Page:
- The Washington Times - Saturday, June 12, 2021

A federal judge has halted the Biden administration’s program offering loan forgiveness for minority farmers only, stating that the federal government “cannot discriminate on the basis of race.”

U.S. District Court Judge William C. Griesbach granted Thursday a temporary restraining order in response to an anti-discrimination lawsuit filed in April by the Wisconsin Institute for Law and Liberty on behalf of 12 White farmers in eight states.

The program, part of the $1.9 trillion American Rescue Plan, earmarks about $4 billion for up to 120% in debt relief for “socially disadvantaged” farmers and ranchers as defined by their race, not losses sustained during the pandemic or specific claims of financial need.

“Instead, the only consideration in determining whether a farmer or rancher’s loans should be completely forgiven is the person’s race or national origin,” said Judge Griesbach in his 10-page ruling.

The American Rescue Plan defines “socially disadvantaged” producers as those “who are one or more of the following: Black/African American, American Indian, Alaskan native, Hispanic/Latino, Asian, or Pacific Islander,” according to the Agriculture Department.

“Plaintiffs are completely excluded from participation in the program based on their race,” he said. “If the Court does not issue an injunction, the USDA will spend the allocated money and forgive the loans of minority farmers while the case is pending and will have no incentive to provide similar relief on an equitable basis to others.”

He found that the White farmers were likely to succeed on the merits, given that they are “excluded from the program based on their race and are thus experiencing discrimination at the hands of their government.”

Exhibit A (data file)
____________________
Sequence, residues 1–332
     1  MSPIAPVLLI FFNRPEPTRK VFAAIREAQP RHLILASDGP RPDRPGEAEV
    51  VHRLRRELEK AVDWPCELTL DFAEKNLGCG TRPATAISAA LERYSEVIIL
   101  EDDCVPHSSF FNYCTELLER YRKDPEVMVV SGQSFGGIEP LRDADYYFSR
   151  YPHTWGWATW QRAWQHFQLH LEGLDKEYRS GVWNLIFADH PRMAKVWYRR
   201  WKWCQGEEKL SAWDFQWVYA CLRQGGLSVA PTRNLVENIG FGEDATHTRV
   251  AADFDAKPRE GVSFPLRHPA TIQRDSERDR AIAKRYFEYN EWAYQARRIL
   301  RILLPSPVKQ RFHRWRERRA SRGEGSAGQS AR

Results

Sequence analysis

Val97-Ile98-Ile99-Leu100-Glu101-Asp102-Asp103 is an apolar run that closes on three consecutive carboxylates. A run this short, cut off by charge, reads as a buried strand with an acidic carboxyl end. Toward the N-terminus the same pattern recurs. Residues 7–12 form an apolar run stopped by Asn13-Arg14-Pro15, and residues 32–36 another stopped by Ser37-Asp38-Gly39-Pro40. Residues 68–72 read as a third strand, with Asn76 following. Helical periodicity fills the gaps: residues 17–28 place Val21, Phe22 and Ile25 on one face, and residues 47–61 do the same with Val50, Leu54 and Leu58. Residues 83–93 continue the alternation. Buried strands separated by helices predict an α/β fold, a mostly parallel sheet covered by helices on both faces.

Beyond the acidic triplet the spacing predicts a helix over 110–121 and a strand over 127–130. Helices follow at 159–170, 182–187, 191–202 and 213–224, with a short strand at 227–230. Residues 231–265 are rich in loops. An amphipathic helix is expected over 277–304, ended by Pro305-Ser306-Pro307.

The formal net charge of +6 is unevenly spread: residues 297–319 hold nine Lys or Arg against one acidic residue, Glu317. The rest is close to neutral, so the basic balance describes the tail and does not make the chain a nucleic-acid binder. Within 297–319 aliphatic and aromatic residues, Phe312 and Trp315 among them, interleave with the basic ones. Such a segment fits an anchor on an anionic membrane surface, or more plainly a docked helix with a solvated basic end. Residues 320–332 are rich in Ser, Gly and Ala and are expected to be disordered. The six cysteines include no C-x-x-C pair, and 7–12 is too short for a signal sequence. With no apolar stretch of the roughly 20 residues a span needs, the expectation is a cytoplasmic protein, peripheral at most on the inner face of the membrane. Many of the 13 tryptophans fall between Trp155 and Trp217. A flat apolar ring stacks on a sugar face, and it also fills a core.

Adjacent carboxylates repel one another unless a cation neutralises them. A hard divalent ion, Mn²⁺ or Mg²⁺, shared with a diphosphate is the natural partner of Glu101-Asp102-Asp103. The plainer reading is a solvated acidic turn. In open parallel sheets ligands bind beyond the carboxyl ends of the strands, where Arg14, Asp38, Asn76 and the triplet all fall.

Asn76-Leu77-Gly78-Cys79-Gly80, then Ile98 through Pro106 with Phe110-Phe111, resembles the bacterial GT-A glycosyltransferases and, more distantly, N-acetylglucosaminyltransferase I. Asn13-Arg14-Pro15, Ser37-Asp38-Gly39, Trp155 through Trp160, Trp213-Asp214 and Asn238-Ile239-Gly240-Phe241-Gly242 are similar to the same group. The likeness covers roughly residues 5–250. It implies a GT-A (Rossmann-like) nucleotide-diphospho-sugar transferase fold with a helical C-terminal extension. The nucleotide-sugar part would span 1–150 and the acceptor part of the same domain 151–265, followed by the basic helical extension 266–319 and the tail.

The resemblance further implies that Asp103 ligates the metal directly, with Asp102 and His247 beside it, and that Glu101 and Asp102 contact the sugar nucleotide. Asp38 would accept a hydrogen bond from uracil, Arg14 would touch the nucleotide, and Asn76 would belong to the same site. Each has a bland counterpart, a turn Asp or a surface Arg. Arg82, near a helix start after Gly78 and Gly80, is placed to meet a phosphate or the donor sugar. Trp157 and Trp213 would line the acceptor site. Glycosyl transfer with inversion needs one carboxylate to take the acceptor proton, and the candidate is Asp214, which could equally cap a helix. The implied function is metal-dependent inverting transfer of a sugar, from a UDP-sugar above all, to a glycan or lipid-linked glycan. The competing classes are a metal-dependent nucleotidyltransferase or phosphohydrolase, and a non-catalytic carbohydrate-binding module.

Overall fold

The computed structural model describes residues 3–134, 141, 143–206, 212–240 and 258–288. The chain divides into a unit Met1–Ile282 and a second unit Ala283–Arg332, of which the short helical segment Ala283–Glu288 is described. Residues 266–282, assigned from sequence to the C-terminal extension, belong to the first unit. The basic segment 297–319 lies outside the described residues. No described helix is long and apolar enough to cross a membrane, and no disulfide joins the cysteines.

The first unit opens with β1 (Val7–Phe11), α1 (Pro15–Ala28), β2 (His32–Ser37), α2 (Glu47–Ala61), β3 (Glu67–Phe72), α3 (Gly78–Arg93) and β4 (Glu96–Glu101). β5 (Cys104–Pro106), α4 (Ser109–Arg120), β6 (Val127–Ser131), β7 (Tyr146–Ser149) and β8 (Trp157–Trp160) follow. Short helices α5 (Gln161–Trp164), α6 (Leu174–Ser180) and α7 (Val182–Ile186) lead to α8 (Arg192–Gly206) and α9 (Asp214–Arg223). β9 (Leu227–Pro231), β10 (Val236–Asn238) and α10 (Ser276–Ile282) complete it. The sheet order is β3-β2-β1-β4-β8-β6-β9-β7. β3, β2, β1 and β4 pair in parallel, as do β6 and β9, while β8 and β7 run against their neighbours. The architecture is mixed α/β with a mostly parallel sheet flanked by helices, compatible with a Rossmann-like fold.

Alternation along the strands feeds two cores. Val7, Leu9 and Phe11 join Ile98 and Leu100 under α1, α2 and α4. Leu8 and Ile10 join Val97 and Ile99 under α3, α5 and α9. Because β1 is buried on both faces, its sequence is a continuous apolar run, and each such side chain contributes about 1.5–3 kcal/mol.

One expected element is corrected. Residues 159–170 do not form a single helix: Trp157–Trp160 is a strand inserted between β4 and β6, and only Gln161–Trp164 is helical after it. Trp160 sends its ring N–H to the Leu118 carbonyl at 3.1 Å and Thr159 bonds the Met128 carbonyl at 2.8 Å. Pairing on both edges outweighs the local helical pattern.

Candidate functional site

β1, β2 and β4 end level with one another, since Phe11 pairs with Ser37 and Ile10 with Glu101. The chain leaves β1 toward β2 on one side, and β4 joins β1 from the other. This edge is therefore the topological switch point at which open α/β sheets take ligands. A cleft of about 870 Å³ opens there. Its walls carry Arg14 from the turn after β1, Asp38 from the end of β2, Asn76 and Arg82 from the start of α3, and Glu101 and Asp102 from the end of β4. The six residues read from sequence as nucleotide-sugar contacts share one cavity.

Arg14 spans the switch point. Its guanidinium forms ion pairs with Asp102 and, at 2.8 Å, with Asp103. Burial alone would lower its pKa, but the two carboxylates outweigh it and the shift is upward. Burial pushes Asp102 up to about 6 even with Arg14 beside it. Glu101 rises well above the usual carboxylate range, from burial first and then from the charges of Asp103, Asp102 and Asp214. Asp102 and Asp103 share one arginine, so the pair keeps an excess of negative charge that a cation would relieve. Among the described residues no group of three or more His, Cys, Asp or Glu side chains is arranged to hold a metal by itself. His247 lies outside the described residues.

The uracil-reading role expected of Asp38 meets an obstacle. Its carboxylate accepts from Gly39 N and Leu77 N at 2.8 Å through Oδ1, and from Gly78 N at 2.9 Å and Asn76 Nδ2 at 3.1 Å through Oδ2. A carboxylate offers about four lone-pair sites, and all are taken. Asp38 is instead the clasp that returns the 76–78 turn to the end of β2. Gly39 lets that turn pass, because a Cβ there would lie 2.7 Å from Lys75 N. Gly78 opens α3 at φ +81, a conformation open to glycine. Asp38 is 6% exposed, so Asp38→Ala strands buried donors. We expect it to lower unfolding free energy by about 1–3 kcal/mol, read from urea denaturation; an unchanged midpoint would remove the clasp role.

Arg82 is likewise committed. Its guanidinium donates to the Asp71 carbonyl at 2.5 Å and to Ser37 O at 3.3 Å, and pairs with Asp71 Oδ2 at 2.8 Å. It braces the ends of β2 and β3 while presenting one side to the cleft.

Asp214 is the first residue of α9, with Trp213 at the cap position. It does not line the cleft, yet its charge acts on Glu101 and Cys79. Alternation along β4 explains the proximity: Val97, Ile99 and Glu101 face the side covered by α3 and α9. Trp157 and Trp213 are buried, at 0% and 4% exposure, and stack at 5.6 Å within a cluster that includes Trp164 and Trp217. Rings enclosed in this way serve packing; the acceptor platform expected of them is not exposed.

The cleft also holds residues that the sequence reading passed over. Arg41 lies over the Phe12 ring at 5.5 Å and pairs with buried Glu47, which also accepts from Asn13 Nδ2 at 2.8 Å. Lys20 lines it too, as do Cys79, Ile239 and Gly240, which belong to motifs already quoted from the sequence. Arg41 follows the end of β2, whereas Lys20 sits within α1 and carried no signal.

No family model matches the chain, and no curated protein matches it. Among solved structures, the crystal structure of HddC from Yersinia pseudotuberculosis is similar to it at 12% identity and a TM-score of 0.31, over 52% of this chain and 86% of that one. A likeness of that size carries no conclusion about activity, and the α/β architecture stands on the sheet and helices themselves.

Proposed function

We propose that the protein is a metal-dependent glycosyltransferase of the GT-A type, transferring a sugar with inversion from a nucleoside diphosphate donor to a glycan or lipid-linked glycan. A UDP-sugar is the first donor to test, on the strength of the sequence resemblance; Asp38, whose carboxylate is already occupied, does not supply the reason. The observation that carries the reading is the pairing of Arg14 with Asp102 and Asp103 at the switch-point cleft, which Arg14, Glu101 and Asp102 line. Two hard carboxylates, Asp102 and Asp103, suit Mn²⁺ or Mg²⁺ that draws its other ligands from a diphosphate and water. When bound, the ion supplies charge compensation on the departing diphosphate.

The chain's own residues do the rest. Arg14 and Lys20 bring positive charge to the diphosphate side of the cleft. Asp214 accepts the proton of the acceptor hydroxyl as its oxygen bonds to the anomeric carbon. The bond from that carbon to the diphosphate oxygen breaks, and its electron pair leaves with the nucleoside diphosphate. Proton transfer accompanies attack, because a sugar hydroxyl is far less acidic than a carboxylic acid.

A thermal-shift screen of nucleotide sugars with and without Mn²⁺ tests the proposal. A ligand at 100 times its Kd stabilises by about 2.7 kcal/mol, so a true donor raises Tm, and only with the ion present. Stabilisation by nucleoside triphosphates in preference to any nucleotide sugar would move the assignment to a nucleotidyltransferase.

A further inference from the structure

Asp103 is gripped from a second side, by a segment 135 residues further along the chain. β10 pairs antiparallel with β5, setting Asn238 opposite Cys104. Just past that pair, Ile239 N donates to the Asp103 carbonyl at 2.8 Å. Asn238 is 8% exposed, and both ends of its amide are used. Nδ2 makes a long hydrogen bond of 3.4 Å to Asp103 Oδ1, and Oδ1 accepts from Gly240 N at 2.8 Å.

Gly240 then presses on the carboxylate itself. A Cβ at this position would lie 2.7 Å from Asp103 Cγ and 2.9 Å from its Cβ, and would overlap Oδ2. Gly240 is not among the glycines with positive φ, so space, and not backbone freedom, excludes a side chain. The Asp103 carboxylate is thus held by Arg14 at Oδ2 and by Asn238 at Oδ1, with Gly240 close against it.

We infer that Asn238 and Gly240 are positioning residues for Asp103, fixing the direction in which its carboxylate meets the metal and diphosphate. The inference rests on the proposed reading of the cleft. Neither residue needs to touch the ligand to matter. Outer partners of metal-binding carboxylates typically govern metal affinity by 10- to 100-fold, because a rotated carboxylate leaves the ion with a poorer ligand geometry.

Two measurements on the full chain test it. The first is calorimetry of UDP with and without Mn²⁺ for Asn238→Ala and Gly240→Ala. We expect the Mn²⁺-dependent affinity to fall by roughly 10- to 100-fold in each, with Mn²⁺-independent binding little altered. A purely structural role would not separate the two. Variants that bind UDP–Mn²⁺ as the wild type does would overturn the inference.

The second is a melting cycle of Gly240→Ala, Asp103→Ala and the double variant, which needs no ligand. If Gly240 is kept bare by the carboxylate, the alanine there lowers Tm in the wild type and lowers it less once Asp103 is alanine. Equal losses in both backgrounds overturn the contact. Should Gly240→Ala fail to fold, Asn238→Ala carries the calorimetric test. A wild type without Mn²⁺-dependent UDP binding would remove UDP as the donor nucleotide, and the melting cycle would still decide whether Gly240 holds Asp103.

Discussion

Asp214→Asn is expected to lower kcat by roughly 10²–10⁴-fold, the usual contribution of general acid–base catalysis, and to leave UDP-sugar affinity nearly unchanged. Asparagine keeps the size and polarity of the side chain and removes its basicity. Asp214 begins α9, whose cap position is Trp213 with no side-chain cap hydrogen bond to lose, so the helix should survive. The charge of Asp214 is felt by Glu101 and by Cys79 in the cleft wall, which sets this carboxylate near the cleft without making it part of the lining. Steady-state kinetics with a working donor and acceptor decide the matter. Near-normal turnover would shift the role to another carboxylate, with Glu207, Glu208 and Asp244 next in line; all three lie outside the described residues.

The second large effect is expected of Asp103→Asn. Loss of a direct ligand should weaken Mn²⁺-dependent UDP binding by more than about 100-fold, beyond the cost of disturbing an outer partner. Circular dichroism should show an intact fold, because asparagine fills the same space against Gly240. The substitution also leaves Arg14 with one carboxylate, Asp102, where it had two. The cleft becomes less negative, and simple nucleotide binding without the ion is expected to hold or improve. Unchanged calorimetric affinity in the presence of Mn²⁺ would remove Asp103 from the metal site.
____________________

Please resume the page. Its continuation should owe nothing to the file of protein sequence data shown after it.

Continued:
The strongly worded ruling comes as a setback for the Biden administration, which had sought to address the USDA’s past history of discriminatory behavior in agricultural lending through the economic stimulus plan’s Section 1005 program.

The judge suggested an alternative: Stop discriminating.

“The obvious response to a government agency that claims it continues to discriminate against farmers because of their race or national origin is to direct it to stop: it is not to direct it to intentionally discriminate against others on the basis of their race and national origin,” said Judge Griesbach, who was appointed by President George W. Bush.

In a statement, the USDA said it would keep up its fight to preserve the loan program.

“We respectfully disagree with this temporary order and USDA will continue to forcefully defend our ability to carry out this act of Congress and deliver debt relief to socially disadvantaged borrowers,” said the statement. “When the temporary order is lifted, USDA will be prepared to provide the debt relief authorized by Congress.”

The lawsuit is one of at least three filed on behalf of White agricultural producers alleging that the Biden administration’s race-based relief criteria violate the Equal Protection Clause of the Constitution.

Rick Esenberg, WILL president and general counsel, said that the court “recognized that the federal government’s plan to condition and allocate benefits on the basis of race raises grave constitutional concerns and threatens our clients with irreparable harm.”

“The Biden administration is radically undermining bedrock principles of equality under the law,” said Mr. Esenberg. “We look forward to continuing this litigation but urge the administration to change course now.”

Agriculture Secretary Tom Vilsack announced May 21 the USDA’s first notice of funding availability under the program, and that payments could be delivered as soon as early June.

Over the last 30 years, the USDA has entered into settlements with Black farmers over discriminatory lending practices, but “those settlements and other related actions did not address the systemic and cumulative impacts of discrimination over a number of decades that the American Rescue Plan now begins to address,” the USDA said.

The latest USDA Census of Agriculture in 2017 found that 95.4% of farm producers were White, while 1.3% were Black, 3% were Hispanic, 0.6% were Asian American, and 1.7% were Native American/Alaska Native.

• Valerie Richardson can be reached at vrichardson@washingtontimes.com.

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